Team Teaching Physical Education – Game, Set, Match.

Background

3 years ago I was to take up a new role which included a large portion of co-teaching/team teaching (TT). Being conscientious 😉 I thought it best to do some reading on the topic. Other than Hattie supporting co-teaching in his meta analysis (0.19 effect size ranked equal with school counselling and just one spot below class size) I knew very little about the theory and background of this pedagogical approach. The research uncovered a number of specific TT strategies: Station, Parallel, Alternate, a combination, the list went on. It was to be my first experience with this type of strategy but I approached it with an open mindset and the view that it was going to be another learning curve within the extended curve of my 11 years experience as an educator. Besides, if it’s good enough for Hattie then it’s good enough for me and I’ve also always enjoyed being part of a team.

Pro’s & Con’s

Amongst many effective characteristics, Phys. Ed’ers are notorious for being team players. You can’t teach this practical, time on task focussed and collaborative subject without embracing the concept of teams. For me, within a PE environment, TT provides a plethora of teaching and learning opportunities otherwise experienced on a less frequent basis or not at all. I’ve listed some of the pro’s and con’s of the approach below and in my opinion the pro’s definitely outweigh the con’s…

Benefits:

  1. Teachers are empowered to teach to their strengths.
  2. There’s always a second set of objective eyes through out the entire teaching process.
  3. Modeling of real collaboration and communication for all students to see.
  4. Simple and continuous grading verification.
  5. Development of a relaxed peer coaching culture and feedback loop.
  6. Continuous on the job professional development through peer teaching and mentoring.
  7. Extra set of hands to adjust/set up equipment and space for new lesson. This is especially handy when your schedule is back to back and/or you are switching age groups, lesson objectives or even whole activities.
  8. More variable student groupings and opportunities for broader range of social interactions.
  9. Higher student numbers which can help facilitate more realistic sport ed. models with more teams, increased competition and greater scope for duty team roles and responsibilities.
  10. Provides collaborative planning time for the classroom teachers.

Challenges:

  1. Maintaining consistency between teachers in regards to behaviour expectations.
  2. Maintaining consistency between teachers in regards terminology and instructional cues.
  3. Assessment (but when is it ever not a challenge)
  4. Finding the chance to build a rapport with each individual student.
  5. Learning students names.
  6. Lining up of class schedules so that grade levels are scheduled for PE at the same time.
  7. Sharing and allocation of equipment and/or facilities.
  8. Sufficient staffing- a team of at least 2 specialist PE teachers.

 

Purpose & Philosophy

I’m a believer in autonomy and having your own identity as an educator. Prescriptive curriculums and/or standardised tests are not what teaching and learning is about in the 21st century. This is where, when starting out on your TT journey, a TT philosophy is important to ensure you retain your identity and then further enhance it.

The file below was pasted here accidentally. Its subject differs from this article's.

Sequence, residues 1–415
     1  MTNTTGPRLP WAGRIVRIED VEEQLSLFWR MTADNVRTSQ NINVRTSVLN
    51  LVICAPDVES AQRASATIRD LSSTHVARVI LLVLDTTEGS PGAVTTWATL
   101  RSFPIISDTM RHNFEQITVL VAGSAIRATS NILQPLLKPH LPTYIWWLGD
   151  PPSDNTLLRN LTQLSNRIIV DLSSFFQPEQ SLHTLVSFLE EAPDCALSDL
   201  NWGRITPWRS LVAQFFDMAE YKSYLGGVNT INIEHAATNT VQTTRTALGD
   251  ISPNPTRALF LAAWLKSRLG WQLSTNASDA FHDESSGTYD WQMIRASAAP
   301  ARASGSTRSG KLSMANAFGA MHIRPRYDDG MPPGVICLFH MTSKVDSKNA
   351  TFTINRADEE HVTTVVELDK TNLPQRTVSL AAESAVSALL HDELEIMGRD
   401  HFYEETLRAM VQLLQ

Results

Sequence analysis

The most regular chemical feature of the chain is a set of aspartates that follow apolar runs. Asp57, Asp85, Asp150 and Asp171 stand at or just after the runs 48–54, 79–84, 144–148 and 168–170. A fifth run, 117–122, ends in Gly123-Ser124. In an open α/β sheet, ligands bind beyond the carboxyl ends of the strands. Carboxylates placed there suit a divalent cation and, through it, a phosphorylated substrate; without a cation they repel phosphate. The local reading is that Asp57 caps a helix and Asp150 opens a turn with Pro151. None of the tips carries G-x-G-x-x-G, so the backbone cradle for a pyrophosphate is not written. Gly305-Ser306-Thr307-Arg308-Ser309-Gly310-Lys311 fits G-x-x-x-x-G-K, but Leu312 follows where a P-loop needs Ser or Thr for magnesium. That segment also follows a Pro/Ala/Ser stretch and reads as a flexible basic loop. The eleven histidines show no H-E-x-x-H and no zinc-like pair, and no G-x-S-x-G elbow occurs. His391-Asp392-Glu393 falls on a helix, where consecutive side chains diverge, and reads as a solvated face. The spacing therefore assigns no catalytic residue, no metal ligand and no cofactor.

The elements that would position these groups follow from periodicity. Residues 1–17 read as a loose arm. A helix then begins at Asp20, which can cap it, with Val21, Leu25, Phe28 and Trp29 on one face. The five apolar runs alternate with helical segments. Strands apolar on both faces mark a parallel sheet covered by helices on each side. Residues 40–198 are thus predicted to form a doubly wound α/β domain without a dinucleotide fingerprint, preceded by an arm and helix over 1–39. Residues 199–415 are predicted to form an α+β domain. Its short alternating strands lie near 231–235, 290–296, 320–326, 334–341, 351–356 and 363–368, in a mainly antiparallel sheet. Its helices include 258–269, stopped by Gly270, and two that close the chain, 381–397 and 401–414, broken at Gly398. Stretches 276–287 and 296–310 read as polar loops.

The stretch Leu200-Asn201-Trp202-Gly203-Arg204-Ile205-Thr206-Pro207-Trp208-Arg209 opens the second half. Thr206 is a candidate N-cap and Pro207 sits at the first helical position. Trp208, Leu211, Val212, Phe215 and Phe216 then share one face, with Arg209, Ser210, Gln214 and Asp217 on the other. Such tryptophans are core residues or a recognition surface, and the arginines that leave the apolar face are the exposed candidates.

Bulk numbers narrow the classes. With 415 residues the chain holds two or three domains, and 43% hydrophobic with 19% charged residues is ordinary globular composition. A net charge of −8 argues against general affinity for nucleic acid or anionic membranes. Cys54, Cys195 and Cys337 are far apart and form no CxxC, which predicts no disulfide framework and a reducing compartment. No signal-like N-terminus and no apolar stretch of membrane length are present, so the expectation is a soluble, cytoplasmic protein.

My TT philosophy and purpose statement was developed through practice, collaboration and experimentation. It wasn’t something I found easy to create off the bat and was something that developed over time. Many of the pro’s listed above play an important part in both the purpose and philosophy and 5 semesters later it turns out our teams TT approach remains dynamic along with our purpose and philosophy. I.e. We’re always changing things- content, cues, progressions, lessons and annual plans; it never stops. I guess it’s no different for any PE teacher that’s worth their weight in colour coded pylons, however the very important difference here is that the changes are based on feedback and critical review from eyes and ears other than your own.

Anecdotes

I believe TT’s proven beneficial to both the teachers and students within our mainstream PE programme. The TT environment is naturally conducive to critical evaluation but also risk taking. “So I was thinking to do this next lesson. What do you think?” Bounce a few ideas around maybe even play some of the scenarios out physically and wallah, new, authentic learning experience created and planned (that we didn’t even need to trawl Twitter for 😁). It’s like being in a constant PD conference attending workshops and scavenging for ideas to implement in your lessons when you return back to school, except the ideas are there everyday.

Last but definitely not least, I’m working in an inclusive school and in my opinion TT is as inclusive as it gets! You can have all the aides, class buddies, modified equipment and planning you like but to have another PE specialist along side you during an intensive learning support lesson (with a range of ages, abilities and behaviours) is irreplaceable. Both teachers on the same wavelength with an in depth understanding of the goals and steps required to reach them transfers to a more meaningful, individualized and appropriately differentiated learning experience for all involved. More on ILS PE later 🙂

Still not a believer? Try it for yourself as a team taught unit or even just a single lesson to get a taste for it. The kids will love getting to mix with a broader group of their peers at the very least. New challenging rivalry’s initiated and friendships made. Enjoy!

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